Volcano was next in line, and it still rocks my world to this day, and Jon is a huge fan of it as well. We didn’t have to wait all that long either. I think WaterWorks was taking the pressure off the rest of the park, much in the same way that Wild Water Kingdom does at Dorney.

Getting off of Volcano, I noticed Avalanche running, so it was round number two of trying to ride. But first, Jon posed with the new sign for this year WARNING During the fall season, this attraction contains bees and wasps at elevated areas. Those allergic to these insects should not ride

You can find the same sign at Ricochet. The question I ask is why they would put any patrons in that position, allergic or not. I haven't stung since I was a little kid, and that was by a yellow jacket. How would I know how I would react to such an event?

Another sign announced that it doesn’t open until 12 p.m. I don’t understand why?

As soon as we got into the station I noticed that there was only one train running again. Ugh. This is not the ride to have one train on. I didn’t even see the other train.

Another thing that bugged me was that I could hear the midcourse brake kicking in from the station. My favorite Avalanche ride of all time happened when there was one train and no midcourse. Jon gets on a train before me in Germany (the cars have different country names and themes).

I followed up in the next cycle behind him in United States. We got to the midcourse, and I kid you not, came to a dead stop. It wasn’t exactly what I was expecting, but after the brake released, there was plenty of speed to get through the rest of the course like normal.

With my stomach still not up to the summersaults of The Crypt, we instead got on Anaconda. Again, this is a coaster I sometimes sit out when I’m not in an Arrow mood. But, Jon wanted to ride, and I didn’t sit it out. It actually wasn’t too bad today, but I can see its days are numbered. Then again, I’ve the said the same thing about Shockwave for years.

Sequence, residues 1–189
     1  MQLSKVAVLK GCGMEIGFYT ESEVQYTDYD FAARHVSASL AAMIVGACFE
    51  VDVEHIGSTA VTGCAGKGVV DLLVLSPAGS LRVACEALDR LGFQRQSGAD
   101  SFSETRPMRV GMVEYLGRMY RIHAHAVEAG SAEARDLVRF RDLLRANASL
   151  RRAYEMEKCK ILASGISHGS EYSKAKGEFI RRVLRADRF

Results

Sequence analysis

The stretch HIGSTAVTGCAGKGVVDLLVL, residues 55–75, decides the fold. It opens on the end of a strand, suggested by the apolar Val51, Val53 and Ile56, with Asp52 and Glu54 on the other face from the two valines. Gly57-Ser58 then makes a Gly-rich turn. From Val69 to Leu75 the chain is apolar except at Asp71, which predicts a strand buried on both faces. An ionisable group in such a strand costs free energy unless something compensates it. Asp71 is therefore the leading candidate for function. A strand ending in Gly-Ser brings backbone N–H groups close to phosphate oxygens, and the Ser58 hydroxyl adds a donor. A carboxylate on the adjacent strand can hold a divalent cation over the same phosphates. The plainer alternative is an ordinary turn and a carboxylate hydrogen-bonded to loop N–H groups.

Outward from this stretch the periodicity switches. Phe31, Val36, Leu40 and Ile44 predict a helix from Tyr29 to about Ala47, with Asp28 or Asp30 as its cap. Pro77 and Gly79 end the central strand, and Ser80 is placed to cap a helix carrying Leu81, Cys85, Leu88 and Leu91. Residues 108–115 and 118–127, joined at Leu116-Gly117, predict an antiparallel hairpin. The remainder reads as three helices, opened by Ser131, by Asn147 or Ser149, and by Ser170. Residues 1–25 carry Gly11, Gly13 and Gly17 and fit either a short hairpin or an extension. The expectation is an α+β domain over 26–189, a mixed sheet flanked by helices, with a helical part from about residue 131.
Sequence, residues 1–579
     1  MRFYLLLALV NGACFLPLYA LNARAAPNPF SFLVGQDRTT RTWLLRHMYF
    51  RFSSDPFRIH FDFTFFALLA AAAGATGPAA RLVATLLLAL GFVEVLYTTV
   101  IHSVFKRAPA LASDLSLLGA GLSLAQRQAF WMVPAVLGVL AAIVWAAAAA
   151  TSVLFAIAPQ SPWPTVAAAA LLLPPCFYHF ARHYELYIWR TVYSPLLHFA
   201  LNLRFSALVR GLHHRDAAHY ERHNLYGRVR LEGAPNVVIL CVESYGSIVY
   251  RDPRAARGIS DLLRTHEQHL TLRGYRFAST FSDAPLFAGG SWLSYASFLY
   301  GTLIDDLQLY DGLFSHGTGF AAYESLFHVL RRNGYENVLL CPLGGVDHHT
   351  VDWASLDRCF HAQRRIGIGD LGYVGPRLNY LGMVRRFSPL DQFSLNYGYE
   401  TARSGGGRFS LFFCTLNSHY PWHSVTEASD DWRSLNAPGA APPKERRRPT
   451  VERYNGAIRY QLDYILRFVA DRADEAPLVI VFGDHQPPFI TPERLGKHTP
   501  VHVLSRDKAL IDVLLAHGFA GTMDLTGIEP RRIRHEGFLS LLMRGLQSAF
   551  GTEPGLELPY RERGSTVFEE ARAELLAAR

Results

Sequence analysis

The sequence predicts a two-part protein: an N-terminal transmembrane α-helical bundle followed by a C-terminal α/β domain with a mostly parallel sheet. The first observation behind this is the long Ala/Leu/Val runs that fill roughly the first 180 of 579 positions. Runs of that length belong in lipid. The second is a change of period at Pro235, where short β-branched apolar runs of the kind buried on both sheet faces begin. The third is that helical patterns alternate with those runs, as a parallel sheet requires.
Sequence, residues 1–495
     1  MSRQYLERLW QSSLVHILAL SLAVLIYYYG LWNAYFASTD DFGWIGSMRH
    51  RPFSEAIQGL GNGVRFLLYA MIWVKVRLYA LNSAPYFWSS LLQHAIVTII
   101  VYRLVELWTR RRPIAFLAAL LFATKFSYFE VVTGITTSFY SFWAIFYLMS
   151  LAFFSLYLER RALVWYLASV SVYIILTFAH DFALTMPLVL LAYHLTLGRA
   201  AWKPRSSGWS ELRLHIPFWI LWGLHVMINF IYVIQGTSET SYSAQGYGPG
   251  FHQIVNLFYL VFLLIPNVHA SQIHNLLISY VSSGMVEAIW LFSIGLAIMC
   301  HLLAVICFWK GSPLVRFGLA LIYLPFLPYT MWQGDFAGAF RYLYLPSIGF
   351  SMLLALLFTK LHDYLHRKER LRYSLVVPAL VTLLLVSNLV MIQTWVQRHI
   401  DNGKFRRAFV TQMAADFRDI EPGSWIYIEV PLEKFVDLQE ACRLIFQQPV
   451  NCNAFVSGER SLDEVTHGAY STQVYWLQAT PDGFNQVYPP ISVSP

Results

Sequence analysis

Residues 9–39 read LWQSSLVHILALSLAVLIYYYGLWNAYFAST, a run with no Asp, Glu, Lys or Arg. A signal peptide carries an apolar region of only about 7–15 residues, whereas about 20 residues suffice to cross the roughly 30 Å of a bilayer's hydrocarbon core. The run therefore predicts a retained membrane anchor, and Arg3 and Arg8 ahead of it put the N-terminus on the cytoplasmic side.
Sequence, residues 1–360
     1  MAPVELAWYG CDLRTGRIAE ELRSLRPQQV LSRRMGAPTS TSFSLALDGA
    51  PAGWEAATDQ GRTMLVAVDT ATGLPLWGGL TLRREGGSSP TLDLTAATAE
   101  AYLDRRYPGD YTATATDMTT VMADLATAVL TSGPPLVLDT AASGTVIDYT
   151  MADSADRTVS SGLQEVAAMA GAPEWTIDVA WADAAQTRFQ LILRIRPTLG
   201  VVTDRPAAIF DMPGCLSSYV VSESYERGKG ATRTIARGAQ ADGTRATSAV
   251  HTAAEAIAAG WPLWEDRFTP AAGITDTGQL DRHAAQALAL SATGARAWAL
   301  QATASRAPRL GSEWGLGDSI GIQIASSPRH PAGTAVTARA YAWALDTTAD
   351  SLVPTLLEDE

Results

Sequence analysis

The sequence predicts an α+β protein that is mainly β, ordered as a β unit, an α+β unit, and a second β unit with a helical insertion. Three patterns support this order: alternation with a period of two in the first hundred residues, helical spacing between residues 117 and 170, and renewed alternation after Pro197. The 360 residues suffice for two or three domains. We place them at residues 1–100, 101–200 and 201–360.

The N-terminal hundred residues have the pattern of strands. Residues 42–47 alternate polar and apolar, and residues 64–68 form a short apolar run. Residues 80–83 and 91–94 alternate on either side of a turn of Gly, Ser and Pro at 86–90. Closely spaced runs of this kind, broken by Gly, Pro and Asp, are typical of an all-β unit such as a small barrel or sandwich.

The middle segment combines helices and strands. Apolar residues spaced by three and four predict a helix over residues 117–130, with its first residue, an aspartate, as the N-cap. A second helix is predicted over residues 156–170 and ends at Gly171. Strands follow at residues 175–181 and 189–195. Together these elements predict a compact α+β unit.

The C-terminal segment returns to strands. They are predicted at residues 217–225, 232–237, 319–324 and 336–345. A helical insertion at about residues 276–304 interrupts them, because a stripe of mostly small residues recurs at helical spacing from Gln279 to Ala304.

Back in The Grove, we headed towards another newly named ride—Drop Tower. One thing that didn’t register with me right away was that Jon followed me into the queue. Jon has some problems with heights. So, I’m fairly shocked that he doesn’t sit it out or avoid it like Power Tower last year. Way to go Jon.

A manager guy was helping out on the ride and he was the guy who got to ask everyone to hold up their hands to check for objects that could be dropped. So I said to Jon “Wait a minute, we haven’t even eaten yet.” Cue the rimshot and thank you for your applause.

Walking through The Grove we headed towards Grizzly, got up to the station, and we were told that it wasn’t open yet and this was early afternoon. From the walkup of Grizzly, you could see that not all of Hypersonic XLC has been disassembled yet. The station still remains.

Heading back through the arcade, Jon declares that it’s getting worse by the year. He’s the gamer out of the two of us, so he would know.

Normally, I’m really good at remembering the exact order of rides ridden, but I’m not going to do so well in this trip report. So, I’ll just report the best I can. We started talking about food, but we weren’t there just yet. We rode Shockwave, which is the first time I’ve been on it in a while. It wasn’t so bad, and with head forward, and with hands down, I didn’t suffer any injuries.

I hadn’t been on the Hurler in several years, but today I figured I’d try it out again. It was surprisingly good, and delivered quite a bit of airtime, until I got stapled somewhere along the way. It would have been a re-ride later on, but things got in the way.